William Hague with US Secretary of State John Kerry at the State Department in Washington on February 25, 2014. Photograph: Getty Images.
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Hague denies Iraq war has undermined western stance over Ukraine

The Foreign Secretary says Ukraine "is an entirely different situation" after John Kerry criticises Russia for "invading another country on completely trumped up pretext".

Whatever one's view of recent western foreign policy, John Kerry's attack on Russia for "invading another country on completely trumped up pretext" showed a remarkable lack of self-awareness. By using such language, Kerry, who voted for the Iraq war, carelessly exposed the US to the charge of hypocrisy. But when William Hague (who also supported the war as Conservative leader) was asked on the Today programme this morning whether he believed that the 2003 invasion had undermined the west's moral standing, he unambiguously replied "No, I don't think so" and said he "wouldn't accept any parallels with Iraq".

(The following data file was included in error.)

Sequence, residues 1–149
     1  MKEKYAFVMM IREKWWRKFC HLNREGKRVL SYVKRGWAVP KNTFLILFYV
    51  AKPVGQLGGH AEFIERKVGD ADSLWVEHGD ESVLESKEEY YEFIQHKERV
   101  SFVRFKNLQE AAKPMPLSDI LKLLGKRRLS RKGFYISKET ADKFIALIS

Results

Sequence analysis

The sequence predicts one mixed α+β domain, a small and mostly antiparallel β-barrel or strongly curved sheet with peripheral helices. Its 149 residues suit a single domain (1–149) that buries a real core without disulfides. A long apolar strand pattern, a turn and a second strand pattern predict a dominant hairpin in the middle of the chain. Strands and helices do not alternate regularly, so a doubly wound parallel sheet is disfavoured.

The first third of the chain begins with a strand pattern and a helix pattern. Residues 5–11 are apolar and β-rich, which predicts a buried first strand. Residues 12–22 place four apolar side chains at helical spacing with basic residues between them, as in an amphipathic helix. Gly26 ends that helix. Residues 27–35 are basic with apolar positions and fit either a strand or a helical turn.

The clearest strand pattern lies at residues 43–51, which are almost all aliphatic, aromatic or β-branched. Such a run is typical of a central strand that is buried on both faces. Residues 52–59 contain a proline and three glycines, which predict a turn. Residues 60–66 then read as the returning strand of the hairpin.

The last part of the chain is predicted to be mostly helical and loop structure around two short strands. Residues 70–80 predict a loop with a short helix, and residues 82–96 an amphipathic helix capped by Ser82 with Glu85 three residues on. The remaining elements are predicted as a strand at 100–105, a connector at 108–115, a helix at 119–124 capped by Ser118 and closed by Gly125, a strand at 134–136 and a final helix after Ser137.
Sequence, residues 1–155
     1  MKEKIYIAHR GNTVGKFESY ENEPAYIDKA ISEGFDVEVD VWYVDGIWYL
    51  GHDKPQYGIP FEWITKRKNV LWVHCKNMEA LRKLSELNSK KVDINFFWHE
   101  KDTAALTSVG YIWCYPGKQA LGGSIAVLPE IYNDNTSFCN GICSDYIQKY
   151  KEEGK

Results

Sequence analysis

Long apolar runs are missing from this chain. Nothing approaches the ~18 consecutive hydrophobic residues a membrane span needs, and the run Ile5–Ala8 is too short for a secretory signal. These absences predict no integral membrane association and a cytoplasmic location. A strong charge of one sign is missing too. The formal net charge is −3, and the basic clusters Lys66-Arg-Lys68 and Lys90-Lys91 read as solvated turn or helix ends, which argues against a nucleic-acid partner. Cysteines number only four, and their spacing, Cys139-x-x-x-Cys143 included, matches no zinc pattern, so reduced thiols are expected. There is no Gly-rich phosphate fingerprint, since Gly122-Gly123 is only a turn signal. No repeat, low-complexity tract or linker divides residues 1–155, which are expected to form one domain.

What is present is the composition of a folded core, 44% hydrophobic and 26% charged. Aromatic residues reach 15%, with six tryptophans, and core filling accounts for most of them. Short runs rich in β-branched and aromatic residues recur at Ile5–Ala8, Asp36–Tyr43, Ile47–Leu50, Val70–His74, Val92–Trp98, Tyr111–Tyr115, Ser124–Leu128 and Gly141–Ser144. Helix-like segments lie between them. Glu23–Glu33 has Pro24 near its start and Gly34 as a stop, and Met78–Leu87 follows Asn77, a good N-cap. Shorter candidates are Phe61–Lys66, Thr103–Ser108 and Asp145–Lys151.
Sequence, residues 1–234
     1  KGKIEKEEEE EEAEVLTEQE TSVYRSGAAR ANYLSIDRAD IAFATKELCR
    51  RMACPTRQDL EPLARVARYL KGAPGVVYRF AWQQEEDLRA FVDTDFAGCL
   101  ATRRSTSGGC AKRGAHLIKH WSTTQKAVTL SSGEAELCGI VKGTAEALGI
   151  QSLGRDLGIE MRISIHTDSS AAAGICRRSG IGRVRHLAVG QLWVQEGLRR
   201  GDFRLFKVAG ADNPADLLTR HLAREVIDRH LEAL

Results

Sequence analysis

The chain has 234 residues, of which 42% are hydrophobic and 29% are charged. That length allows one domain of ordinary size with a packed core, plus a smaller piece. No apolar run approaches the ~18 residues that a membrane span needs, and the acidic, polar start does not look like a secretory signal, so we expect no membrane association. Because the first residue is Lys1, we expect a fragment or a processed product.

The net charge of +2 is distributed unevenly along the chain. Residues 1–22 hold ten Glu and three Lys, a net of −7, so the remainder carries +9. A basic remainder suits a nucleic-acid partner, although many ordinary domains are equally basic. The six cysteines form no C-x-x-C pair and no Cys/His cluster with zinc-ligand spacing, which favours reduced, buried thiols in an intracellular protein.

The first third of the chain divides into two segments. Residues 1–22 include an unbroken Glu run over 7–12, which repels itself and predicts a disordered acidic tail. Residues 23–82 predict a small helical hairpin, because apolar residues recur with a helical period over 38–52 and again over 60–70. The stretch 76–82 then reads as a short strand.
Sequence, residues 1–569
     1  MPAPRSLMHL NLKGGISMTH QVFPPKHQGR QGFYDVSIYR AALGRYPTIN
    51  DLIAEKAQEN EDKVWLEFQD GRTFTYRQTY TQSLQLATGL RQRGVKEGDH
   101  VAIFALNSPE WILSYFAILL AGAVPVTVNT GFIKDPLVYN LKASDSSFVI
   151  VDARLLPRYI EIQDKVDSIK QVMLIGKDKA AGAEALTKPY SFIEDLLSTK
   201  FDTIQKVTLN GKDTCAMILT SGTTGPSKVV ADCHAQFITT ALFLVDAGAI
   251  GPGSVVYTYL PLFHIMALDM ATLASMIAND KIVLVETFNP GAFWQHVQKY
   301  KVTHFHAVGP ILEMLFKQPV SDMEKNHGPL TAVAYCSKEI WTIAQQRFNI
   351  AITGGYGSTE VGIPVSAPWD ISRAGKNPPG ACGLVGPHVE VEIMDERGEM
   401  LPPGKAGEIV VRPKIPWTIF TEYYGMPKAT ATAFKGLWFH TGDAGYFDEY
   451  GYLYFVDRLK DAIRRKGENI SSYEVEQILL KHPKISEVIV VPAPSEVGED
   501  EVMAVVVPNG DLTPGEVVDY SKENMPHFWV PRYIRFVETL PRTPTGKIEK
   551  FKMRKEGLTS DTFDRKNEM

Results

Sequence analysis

He added: 

This is an entirely different situation. Ukraine is not a danger to other nations in the region, Ukraine presents no threat to its neighbours. This is not something where there is any justification whatsoever for the action that has been taken. I won't accept any parallels with Iraq or any of the situations outside Europe in recent years.

Hague's reference to other "situations" presumably includes Syria, which Tory ministers so unwisely invoked over the weekend in an opportunistic attempt to damage Ed Miliband. Sajid Javid tweeted: "Direct link between Miliband's cynical vote against #Syria motion & Russia's actions on #Ukraine. Completely unfit to lead Britain", while Nick Boles wrote: "PM was right to urge Parliament to stand up to Putin and punish Assad's use of chemical weapons. Look where Miliband's weakness has led us." 

Earlier in the interview, Hague soberly stated that "they [Russia] have, in effect, taken control of the Crimea" and added that "there are things we can do and must do". He warned of "significant costs" if Russia failed to respect Ukrainian sovereignty and highlighted the diplomatic action already taken by the west, including the suspension of involvement in preparatory meetings for the Sochi G8. Kerry has threatened Russia with expulsion from the organisation "if this continues". Hague added that he "didn't want to anticipate" what other action the west could take, but the expectation is that economic sanctions, such as asset freezes on Russian businesses, will follow. The challenge for the west will be reconciling its desire to punish Russia with the need to maintain Europe's security of energy supply. 

George Eaton is political editor of the New Statesman.

Richard Burden